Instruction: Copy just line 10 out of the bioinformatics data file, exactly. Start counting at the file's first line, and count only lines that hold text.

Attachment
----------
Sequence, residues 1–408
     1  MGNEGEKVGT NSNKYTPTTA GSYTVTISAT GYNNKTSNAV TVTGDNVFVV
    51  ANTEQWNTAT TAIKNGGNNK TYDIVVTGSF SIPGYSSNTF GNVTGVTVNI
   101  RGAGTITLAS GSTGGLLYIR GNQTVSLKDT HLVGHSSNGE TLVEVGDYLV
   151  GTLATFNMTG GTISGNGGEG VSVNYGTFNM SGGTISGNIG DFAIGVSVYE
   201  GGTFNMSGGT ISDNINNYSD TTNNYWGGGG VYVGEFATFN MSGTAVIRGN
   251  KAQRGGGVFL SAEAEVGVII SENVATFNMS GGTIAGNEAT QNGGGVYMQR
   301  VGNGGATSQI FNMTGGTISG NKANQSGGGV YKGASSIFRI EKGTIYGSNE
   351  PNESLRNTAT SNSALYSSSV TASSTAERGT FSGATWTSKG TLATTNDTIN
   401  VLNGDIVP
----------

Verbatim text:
   401  VLNGDIVP